However, the surprise star of the trip was another maker. The evening before the visit we watched their film about Lee Kang-Hyo (they make a lot of films about the makers they exhibit and are well worth watching), a Korean potter whose work had previously caught my attention at Collect, but about whom I knew little. It's a fascinating watch and the pots at the end literally took my breath away. I was therefore delighted to discover several of his pieces in the many spaces of the gallery.

Lee trained with traditional masters making large onggi jars and using the punch'ong style of decoration, and remains intentionaly rooted in these traditions. But he is another explorer. After a period of intense reflection he now works more freely using his skills in new and more personal ways to express his energies. I found both the journey and the pots he produces very powerful, moving and inspiring.

After last year's challenges of conceiving and designing my new collection my creative work had settled into more routine making that had begun to feel not entirely satisfying. I was becoming conscious of this at the same time as I was fortunate enough to see these two great bodies of work by infinately curious, talented and skilled ceramic explorers and together they have galvanised me!

The team at Goldmark have also played a part - the custodian of the ceramics gallery was encouraging me in all seriousness to apply for funding and make a trip to Korea myself! I might put that plan on the back burner whilst we move and set up the new studio, but the spark of inspiration and exploration remains. I'm not sure yet where it might take me but I hope to be able to share some of the journey with you as it unfolds...

Art in Action

I squeezed in a lovely holidayette this weekend, visiting a sunny Art in Action with my parents. It was particularly apt as we met with an uncle and aunt there and it was the first time I had visited AiA in about 20 years, the last time being to see my aunt exhibiting her amazing knitwear. In that time the show has grown massively to a rather overwhelming 41 marquees and demo stages!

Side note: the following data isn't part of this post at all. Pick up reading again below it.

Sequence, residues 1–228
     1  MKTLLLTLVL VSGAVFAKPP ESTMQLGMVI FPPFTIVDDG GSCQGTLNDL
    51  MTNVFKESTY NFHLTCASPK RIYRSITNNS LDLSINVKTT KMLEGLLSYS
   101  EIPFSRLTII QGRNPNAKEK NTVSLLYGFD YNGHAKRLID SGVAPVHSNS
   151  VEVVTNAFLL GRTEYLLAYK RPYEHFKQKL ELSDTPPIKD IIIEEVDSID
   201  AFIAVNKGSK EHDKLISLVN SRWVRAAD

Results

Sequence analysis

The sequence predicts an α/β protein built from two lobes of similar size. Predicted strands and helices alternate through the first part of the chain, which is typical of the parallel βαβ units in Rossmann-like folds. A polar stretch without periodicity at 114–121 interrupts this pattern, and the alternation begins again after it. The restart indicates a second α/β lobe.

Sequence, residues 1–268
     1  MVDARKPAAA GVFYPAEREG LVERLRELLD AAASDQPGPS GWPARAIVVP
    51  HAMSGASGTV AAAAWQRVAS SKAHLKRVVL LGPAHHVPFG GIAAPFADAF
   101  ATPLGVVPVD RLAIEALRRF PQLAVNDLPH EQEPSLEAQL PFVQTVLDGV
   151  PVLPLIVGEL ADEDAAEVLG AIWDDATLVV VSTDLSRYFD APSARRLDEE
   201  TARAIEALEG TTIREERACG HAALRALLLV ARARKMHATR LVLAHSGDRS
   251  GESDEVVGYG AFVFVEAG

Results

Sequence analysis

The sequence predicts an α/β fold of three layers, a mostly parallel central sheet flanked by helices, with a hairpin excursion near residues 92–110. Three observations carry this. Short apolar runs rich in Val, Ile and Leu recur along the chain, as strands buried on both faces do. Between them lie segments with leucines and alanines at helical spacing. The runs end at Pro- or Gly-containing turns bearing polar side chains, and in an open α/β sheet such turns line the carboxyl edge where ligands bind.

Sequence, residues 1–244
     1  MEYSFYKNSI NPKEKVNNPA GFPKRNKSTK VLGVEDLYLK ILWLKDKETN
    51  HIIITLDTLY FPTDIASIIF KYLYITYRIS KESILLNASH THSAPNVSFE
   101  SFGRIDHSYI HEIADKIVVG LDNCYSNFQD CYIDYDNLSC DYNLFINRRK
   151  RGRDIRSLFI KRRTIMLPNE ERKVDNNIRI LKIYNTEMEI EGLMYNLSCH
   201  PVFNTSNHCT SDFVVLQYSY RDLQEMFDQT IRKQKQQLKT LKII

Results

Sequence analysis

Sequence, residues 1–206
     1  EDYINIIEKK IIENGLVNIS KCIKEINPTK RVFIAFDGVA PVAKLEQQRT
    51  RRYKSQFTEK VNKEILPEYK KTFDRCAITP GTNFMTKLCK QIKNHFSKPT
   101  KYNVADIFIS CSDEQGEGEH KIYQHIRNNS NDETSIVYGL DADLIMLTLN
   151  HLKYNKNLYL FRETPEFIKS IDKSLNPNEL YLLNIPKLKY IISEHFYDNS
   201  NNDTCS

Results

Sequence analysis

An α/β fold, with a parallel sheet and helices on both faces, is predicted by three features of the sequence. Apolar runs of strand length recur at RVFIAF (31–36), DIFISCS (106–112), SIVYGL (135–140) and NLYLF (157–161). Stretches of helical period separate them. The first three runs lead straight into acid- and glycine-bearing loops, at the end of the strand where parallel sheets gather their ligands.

Moonjar, Akiko Hirai

Moonjar, Akiko Hirai

Naturally I headed first for the ceramics marquee. As ever, everything on Akiko Hirai's stand was lovely (I wanted the whole collection), Tony Laverick's surfaces intrigued and  Tanya Gomez's colours were joyful.

once the bewliderment of so many marquees had worn off I really appreciated the range of materials styles and forms being exhibited. As well as seeing some live glassblowing, always fascinating, here's a selection of work I was especially taken by...

Still lives by  Sarah Spackman

Still lives by Sarah Spackman

Textiles by  Ekta Kaul

Textiles by Ekta Kaul

Embroidery by  Roanna Wells

Embroidery by Roanna Wells

Willow sculpture by  Lizzie Farey

Willow sculpture by Lizzie Farey

Steamed and riveted trugs by  Jane Crisp

Steamed and riveted trugs by Jane Crisp

All told it was an inspiring and re-energising weekend. Who knows what might come out of it once the mental cogs have done their spinning!

Inspirational ceramics, pt 2

As part of an exercise for my business mentor I have been reviewing work that inspired me - and made me wish I had made it.

Here are some more that got shortlisted.

Sam Hall

Hall works with a very limited range of forms, but each work remains fascinating because of the visual richness of his scuffed, layered & timeworn surfaces. As a lover of decayed urban surfaces these work for me in much the same way.

Jane Perryman

Perryman's vessels have their roots in traditional forms but are often combined with more urban slab forms, echoing the ceremonial feel of Gatley's compositions. I love the emphasis on the clay itself, either raw or charred.

Gordon Baldwin

Baldwin's work is mainly monochromatic, but never boring. He has an unusual approach o mark making that is both graphic and subtle, and leaves me curious as to how on earth he achieved it. The abstract/organic vessels have intriguing forms that appear to arise from a personal symbolism. Many are asymmetric and relational in ways that get my whiskers twitching!